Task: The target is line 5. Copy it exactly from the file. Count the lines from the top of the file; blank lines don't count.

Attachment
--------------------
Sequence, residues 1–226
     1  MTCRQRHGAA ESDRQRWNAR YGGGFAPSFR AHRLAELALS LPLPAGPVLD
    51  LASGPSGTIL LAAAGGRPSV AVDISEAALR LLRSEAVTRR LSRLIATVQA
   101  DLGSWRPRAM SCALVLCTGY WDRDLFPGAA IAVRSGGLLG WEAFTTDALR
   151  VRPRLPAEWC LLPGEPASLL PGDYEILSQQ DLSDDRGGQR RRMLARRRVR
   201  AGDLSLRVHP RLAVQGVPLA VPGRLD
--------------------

   151  VRPRLPAEWC LLPGEPASLL PGDYEILSQQ DLSDDRGGQR RRMLARRRVR